The next time I see a cheerful facebook meme about how we should “put the past behind us” I think I may just need to throw something breakable.
It snowed today. No big deal, right? Except, perhaps, for the fact that this has been the longest winter in human history. That aside, so what? It snowed. I lost power (when you have a well, that means you’ve lost water – when you have horses, that matters). I lost phone, internet, and any other connection to the world outside the farm. So, what? I’ll tell you what.
It happened last week too. The 35-mph winds lashed at the dozens of oak trees in the yard for more than 10 hours. The snow blew sideways. Three trees fell across my driveway. No power, phone, internet, or any way to get in or out. There’s a generator, but unless you’re a 200 lb man, the cord is too difficult to pull. The horses, already hock-deep in mud, were frantic. I was alone. I was responsible.
The vet came this morning. The vet came while it was still beautiful outside, the trees heavy with snow. Captain bashed his head on something last weekend, and the cut under his eye has become infected. The vet said that he hit his face hard enough to splinter off a piece of bone, which is now trying to work its way to the surface, though the pus and goo. When Steve is here, (he travels a lot on business) it’s all we can do to manage cleaning the wound together. Captain is not particularly interested in having an infected wound debrided.
The vet said it needs attention twice a day. An hour later, Steve left for an 11:30 flight. I’m responsible.
Here’s the thing: My nervous system doesn’t know the difference between a snow storm and the impossible situation of being eight years old and “responsible” for my mother’s sanity. This is the nature of PTSD. A similar situation “triggers” something, and your body and mind respond in a way that was never resolved, even if the current situation is not really threatening. And there’s not much you can do about it, as much as you might want to.
I vividly remember my father telling me to “DO SOMETHING ABOUT THAT!” when mother was screaming in a ball on her bed. He’d go to the garage. She screamed until the walls shook. She cried, she raved, she rasped obscenities and recipes for suicide. She railed that I was the cause of the extremity of her misery, and screeched through the alcohol that if I could just be good enough, or even just a little better than I was, that all of this would be over and she would be ok. But, sadly, she was never ok. And I, of course, was never quite good enough.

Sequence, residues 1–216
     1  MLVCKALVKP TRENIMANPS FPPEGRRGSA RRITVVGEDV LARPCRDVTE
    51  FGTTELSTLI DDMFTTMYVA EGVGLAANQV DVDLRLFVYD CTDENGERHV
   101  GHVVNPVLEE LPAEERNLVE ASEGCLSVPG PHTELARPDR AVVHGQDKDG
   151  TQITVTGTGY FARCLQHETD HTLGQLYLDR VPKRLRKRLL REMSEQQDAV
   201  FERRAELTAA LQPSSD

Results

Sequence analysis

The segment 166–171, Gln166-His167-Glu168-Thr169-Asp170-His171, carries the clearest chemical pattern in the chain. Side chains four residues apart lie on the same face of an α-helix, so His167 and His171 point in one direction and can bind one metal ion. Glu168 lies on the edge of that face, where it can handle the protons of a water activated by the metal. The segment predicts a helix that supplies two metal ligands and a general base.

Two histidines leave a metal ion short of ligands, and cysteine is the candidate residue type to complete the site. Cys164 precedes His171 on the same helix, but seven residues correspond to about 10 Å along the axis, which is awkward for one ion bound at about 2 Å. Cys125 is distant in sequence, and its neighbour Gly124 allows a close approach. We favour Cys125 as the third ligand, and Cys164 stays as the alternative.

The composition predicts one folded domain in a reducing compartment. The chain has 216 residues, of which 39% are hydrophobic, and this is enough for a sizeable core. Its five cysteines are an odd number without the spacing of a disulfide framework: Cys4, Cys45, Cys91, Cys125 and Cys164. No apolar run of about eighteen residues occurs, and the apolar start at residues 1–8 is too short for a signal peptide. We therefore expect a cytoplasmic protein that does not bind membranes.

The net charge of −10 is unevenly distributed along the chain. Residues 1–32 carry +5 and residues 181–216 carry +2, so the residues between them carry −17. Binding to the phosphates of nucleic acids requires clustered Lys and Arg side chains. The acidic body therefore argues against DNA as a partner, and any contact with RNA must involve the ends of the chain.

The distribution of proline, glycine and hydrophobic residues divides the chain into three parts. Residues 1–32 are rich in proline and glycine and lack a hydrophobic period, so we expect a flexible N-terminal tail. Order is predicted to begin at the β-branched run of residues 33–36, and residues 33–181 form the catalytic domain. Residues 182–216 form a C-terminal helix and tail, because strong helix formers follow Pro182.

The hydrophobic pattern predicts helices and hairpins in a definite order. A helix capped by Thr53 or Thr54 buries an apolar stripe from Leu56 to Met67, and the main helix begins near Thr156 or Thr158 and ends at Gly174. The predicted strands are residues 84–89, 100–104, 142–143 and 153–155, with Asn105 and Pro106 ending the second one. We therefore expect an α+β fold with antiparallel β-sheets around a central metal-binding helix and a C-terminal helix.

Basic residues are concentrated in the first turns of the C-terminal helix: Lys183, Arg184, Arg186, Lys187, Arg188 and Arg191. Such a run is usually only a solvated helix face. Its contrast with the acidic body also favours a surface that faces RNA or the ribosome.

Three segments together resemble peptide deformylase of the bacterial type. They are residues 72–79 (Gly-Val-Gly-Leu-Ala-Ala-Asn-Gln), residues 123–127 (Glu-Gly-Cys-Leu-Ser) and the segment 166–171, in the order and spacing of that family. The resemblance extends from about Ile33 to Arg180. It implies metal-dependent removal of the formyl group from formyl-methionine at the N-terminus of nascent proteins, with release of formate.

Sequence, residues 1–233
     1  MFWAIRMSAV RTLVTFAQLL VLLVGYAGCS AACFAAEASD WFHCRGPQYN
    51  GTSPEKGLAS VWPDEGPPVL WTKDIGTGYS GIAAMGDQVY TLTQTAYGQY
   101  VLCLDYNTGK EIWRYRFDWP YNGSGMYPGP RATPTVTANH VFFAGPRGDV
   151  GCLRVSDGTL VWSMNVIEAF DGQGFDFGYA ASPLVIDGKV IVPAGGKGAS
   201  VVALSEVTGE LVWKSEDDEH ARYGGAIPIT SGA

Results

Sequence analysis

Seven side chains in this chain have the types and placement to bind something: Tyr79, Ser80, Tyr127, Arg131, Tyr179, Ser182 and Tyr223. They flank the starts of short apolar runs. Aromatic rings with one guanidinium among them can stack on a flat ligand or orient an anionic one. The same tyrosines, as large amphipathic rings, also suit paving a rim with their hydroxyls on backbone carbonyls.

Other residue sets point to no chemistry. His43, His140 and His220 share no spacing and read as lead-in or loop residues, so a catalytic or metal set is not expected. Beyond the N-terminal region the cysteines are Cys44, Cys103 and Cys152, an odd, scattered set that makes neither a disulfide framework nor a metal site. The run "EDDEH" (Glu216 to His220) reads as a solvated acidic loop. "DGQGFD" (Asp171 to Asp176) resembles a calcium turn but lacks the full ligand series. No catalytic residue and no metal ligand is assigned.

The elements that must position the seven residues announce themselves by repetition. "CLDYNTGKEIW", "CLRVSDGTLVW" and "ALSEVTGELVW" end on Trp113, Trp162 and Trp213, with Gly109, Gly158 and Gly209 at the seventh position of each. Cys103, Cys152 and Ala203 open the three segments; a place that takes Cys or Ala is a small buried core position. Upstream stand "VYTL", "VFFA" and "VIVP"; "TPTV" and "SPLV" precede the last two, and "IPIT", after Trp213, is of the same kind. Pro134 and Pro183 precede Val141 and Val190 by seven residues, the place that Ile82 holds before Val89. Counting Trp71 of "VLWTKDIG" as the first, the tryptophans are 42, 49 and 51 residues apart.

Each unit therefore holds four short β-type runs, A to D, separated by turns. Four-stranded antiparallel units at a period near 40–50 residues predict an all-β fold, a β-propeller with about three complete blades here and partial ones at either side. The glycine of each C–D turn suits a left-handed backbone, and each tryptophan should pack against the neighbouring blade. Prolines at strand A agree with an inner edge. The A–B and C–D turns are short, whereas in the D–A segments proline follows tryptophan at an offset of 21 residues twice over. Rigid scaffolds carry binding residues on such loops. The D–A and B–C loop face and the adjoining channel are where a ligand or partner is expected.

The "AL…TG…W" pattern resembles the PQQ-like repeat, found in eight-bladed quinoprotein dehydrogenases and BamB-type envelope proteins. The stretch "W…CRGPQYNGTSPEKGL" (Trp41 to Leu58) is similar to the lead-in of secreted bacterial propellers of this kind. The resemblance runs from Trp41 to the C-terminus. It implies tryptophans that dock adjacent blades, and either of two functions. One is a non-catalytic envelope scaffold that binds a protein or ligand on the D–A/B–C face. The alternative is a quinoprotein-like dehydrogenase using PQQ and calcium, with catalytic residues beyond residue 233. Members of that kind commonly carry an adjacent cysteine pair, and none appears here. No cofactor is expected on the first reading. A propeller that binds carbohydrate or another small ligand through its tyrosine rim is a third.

I remember the one and only time that there was ever any validation of this madness from my father. Once, when I went out to the garage to tell him that I thought she was going to be ok, he looked at me and said, “Aren’t you the lucky one. Someday, you will leave. I’m stuck here with her forever.” He never said anything like that again.
So, it snowed today. It’s just a little snow. Right? But, all my system knows is that I’m alone. I’m alone, and the health and safety of the horses is in my hands. Figuring out what to do with the generator and the electrical system in the house is in my hands. As you might imagine, I am the most responsible person on earth. But, I don’t know how to make it stop snowing. I don’t know anything about generators. And what if…
It all seems so silly, doesn’t it? How the jaw tightens, the shoulders freeze, the stomach becomes a knot of anxiety. It seems so foolish to perch stiffly in the chair in the kitchen for hours on end, watching the jays and the squirrels compete for seeds at the feeder, staring, growing more rigid by the moment, breath coming shallow and quick. So silly. And yet, I have no more control over it than a combat veteran does when a car backfires suddenly, or a crowd at the mall stands just a little… too… close.
I become like my tree in the pasture, the one that calls to me somehow. Rigid, pretty and bright, covered with ice and braced for the storm. It does look lovely, doesn’t it?
All photographs copyright Zen Doe
Tell you what – you “get over” your past. I’ll be here doing my best to get through the afternoon, being optimistic and bright.
The power came back on just before supper time. At the same moment, the sun came out and the temperature rose a degree or two. I went out to feed the horses and tend to Captain’s wound. He wouldn’t let me near it.
I stood for a while in the evening sun, watching the snow fall from that tree in soggy clumps. I breathed, I sighed with relief. It’s over. Again. For today.